The only Democrat talking money is State Senator Roy Herron, who because he is a lawmaker got a late start to his fundraising because of the ban on lawmakers collecting $$ while still in session. Nevertheless, Herron sent out a news release recently (July 7) saying his campaign has "blasted to the front" among Tennessee Democratic gubernatorial candidates in terms of on-line fundraising.
Herron says after having just $17,000 from 40 donors, in just a 48 hour period recently, he "increased his donors eight-fold to 340 and his donations almost six-fold to $92,000."
That sounds impressive although I have no way to independently confirm that information. Senator Herron also claims his recent on-line fund raising activities had him ranked fourth in the country by ActBlue (a Democratic fund raising web site) among its' "Hot Candidates and Committees."
All well and good, and certainly as Senator Herron points out the increasing importance of on-line fund raising in recent campaign cycles (especially for President Obama) saying: "Anyone can give as they are capable. This world has changed, and this is how a people's candidate can compete and win."
Fair enough, but GOP gubernatorial candidates are all reporting between $400,000 and $3.8 million dollars raised so far (from all sources). Looks like Senator Herron and the rest of the Democrats may need to do a lot more "blasting to front" in the months ahead to be able to compete.
ELECTION BATTLES TO COME
2009 is a non-election year in Tennessee. But, as you can see from the campaign fund raising activity going on, it's not the off-season.
In fact, when you add in the amount of activity going on concerning election commissions and voting machines, it sometimes feels like we are in mid-campaign season. I guess that's how important the 2010 elections will be as we choose a new governor and select a new General Assembly that will redraw the state's political district on both a state and federal level.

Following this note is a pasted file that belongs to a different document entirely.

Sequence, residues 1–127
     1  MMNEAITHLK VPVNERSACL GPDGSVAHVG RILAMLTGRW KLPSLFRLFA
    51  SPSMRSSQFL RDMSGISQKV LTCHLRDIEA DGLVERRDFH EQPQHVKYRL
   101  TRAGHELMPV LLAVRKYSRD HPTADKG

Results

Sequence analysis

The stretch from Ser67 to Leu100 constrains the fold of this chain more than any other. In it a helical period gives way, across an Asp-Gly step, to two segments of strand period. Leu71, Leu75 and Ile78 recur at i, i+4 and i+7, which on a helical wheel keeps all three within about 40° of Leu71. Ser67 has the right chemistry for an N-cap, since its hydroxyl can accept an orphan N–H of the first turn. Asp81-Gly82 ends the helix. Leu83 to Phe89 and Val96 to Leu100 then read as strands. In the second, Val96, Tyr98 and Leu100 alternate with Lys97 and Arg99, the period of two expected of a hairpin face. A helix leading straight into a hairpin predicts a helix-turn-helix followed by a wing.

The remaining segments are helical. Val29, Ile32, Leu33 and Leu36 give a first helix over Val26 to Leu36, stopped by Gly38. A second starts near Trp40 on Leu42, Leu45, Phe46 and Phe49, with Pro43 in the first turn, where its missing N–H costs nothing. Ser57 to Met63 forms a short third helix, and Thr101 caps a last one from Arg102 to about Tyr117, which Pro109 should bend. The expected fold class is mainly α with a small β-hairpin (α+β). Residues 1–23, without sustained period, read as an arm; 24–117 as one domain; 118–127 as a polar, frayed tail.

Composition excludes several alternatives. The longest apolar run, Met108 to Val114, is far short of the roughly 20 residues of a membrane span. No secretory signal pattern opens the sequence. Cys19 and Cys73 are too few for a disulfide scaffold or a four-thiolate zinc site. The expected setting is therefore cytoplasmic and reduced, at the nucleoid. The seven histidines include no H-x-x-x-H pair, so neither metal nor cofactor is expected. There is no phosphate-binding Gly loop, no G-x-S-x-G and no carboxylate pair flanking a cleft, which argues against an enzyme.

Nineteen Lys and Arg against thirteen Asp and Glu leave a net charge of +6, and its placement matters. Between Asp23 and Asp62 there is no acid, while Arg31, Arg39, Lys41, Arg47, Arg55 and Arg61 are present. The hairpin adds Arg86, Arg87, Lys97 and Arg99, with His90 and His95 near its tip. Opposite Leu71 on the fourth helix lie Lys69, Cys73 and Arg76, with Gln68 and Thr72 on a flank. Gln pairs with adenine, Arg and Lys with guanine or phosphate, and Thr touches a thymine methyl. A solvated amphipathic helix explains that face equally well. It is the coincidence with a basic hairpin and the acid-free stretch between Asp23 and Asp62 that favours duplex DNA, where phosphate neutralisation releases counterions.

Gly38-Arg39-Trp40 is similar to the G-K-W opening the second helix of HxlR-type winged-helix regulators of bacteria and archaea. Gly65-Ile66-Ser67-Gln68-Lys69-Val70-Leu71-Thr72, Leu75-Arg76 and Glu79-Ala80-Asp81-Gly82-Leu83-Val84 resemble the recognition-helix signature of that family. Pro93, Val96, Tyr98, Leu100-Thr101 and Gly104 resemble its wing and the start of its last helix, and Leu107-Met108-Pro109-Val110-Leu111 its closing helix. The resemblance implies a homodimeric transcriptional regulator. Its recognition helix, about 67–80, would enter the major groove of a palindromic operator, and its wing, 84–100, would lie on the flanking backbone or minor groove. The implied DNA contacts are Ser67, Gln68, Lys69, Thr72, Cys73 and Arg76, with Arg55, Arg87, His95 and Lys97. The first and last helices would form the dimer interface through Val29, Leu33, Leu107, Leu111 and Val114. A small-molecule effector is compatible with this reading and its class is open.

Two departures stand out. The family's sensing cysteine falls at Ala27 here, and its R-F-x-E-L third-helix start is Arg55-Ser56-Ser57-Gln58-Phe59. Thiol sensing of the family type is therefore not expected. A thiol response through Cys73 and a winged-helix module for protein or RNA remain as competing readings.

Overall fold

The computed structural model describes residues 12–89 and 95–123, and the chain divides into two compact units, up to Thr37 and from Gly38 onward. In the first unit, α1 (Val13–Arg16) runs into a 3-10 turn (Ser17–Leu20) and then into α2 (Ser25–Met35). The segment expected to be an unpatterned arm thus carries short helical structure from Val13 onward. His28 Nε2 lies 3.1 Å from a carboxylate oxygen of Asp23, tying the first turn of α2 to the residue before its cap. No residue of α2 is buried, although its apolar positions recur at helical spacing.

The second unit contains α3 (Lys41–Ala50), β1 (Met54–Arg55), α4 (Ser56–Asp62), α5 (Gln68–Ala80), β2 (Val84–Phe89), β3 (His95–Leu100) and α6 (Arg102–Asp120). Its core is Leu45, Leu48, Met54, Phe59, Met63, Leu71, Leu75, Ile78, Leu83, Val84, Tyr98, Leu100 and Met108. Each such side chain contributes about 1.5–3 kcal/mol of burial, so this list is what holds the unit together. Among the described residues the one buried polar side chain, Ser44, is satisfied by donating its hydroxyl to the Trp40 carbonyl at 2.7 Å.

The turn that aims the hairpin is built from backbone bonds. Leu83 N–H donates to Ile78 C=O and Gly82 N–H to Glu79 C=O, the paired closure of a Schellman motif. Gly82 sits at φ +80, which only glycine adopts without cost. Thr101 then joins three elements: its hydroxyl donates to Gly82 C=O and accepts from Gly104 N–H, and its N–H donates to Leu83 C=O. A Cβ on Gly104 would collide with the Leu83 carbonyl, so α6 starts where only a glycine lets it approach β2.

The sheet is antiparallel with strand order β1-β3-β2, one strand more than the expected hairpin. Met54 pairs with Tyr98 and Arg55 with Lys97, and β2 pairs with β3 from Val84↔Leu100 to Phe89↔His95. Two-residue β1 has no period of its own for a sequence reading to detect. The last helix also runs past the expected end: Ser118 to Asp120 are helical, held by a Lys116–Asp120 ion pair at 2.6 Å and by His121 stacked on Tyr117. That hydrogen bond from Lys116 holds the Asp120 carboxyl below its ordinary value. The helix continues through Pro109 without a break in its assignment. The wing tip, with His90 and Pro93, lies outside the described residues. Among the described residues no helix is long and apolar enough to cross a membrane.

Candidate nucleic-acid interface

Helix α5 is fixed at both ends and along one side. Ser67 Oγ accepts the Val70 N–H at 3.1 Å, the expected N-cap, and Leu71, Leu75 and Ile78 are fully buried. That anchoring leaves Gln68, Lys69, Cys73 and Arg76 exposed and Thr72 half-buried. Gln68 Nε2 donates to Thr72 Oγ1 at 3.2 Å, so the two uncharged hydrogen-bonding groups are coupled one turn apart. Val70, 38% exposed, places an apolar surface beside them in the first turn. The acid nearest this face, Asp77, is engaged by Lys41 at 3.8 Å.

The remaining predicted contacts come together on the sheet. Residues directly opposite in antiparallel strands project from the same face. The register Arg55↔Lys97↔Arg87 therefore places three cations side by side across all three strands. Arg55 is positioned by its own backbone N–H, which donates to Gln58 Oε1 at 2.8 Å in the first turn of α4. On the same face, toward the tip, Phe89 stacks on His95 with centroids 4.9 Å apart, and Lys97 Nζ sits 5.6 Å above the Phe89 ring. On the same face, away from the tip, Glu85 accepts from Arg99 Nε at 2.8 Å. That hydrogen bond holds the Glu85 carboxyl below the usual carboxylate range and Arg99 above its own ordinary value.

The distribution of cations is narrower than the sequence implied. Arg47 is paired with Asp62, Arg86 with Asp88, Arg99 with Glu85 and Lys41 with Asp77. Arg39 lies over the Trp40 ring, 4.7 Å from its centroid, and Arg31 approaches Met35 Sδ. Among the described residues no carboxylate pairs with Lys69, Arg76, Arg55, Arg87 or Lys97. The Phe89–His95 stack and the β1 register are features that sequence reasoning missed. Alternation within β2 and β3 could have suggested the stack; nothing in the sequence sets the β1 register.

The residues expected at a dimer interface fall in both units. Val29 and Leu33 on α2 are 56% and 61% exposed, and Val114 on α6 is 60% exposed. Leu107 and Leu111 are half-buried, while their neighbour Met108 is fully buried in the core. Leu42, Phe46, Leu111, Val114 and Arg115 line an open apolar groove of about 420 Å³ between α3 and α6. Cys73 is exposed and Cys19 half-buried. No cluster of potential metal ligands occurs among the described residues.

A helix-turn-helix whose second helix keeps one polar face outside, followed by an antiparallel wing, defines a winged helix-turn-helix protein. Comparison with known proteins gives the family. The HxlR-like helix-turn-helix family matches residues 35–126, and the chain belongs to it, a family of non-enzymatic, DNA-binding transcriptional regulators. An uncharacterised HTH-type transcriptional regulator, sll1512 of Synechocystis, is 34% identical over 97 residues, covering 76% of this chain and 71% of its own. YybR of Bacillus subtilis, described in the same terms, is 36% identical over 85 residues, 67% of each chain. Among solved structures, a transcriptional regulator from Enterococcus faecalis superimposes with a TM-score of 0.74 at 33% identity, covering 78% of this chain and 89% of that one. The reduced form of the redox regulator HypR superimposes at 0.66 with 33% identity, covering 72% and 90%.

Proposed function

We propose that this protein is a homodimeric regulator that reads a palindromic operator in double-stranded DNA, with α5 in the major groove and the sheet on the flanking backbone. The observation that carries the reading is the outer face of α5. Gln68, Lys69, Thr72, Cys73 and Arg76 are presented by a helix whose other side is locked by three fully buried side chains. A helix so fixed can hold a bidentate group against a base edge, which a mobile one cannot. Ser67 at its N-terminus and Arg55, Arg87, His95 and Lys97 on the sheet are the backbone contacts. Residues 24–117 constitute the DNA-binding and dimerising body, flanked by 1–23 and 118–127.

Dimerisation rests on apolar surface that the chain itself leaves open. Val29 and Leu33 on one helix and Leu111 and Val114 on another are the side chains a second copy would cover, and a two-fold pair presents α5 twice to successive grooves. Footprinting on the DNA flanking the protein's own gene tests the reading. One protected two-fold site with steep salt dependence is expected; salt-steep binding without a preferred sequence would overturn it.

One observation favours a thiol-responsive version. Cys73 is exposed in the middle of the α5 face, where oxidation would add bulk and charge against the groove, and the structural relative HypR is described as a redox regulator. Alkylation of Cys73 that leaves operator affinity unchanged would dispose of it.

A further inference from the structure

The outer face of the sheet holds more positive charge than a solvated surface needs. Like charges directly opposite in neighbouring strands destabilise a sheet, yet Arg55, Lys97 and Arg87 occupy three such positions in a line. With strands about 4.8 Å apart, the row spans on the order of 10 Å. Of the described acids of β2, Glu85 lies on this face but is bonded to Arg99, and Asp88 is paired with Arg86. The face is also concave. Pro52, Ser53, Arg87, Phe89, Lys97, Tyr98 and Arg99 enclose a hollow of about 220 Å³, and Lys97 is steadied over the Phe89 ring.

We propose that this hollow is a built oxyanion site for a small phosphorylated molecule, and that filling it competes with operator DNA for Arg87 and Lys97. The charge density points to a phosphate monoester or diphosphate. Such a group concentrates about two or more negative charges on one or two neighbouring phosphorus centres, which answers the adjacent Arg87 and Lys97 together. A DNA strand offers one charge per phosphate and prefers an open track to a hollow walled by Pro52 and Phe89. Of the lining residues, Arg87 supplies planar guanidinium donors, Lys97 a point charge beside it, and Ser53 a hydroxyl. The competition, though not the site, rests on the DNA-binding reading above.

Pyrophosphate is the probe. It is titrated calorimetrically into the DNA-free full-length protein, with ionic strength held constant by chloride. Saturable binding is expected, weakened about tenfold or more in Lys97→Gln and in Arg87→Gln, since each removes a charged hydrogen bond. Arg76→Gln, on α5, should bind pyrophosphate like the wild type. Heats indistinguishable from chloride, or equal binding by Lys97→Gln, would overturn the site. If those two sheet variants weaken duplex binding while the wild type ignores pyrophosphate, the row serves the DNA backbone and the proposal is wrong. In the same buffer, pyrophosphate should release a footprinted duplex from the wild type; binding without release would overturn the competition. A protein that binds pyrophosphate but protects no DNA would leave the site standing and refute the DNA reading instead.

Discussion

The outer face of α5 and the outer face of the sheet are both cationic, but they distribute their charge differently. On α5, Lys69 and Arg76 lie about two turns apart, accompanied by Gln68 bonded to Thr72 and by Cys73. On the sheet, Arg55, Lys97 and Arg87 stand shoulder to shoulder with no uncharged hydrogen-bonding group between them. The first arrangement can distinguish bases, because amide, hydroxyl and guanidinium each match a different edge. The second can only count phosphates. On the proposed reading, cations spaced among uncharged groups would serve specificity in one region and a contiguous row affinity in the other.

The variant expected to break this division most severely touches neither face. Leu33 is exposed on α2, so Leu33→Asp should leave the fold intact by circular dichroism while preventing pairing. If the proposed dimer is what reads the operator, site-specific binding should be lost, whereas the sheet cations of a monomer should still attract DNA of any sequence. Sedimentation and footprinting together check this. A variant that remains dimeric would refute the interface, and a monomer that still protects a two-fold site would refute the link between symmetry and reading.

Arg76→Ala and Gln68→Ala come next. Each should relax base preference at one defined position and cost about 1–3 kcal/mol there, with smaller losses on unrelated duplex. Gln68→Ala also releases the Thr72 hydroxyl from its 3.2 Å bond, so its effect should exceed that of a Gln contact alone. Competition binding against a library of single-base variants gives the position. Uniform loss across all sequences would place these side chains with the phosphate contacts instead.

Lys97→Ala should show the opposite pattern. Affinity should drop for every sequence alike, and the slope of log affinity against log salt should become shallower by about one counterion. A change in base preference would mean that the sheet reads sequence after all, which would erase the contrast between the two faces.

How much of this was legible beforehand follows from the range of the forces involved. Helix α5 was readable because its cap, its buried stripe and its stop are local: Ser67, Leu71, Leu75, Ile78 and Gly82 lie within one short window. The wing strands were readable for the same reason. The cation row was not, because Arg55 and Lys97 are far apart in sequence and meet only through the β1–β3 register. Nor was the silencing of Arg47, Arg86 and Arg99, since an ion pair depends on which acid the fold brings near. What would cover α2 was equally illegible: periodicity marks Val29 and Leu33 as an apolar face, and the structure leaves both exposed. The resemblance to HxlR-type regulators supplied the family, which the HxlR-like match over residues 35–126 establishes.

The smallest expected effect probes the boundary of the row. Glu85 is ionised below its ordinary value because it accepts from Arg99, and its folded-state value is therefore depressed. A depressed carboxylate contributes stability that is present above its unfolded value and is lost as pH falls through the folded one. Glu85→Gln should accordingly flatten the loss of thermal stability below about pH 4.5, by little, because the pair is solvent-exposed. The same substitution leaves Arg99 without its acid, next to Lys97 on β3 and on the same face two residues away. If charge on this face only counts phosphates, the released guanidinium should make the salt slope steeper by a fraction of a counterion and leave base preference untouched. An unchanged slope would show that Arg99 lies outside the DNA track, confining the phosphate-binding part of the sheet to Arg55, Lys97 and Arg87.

When the Republican took numeric control of the General Assembly last year that gave them the right under state tradition (if not law) to have GOP lawmakers dictate who sits on local election commissions and therefore who is hired as election registars in each county. Democrats have controlled that process for years, so as you might expect, there have been some changes and some ousters in the county election leadership across the state.
So much so, that legal action is being taken by some of those losing their jobs, going to both the state and federal courts to say they have been wrongly dismissed. Now Tennessee is the state and our native son Andrew Jackson was the President who invented the political phrase "to the victor belongs the spoils" and for many years those "spoils" have always included control of the election machinery of the state for the dominant party in the Legislature.
But how will that stand up in courts, especially the federal courts, when questions of employee rights and due process come into play? It's always tough and unwise to predict what judges will do, so watch this matter carefully.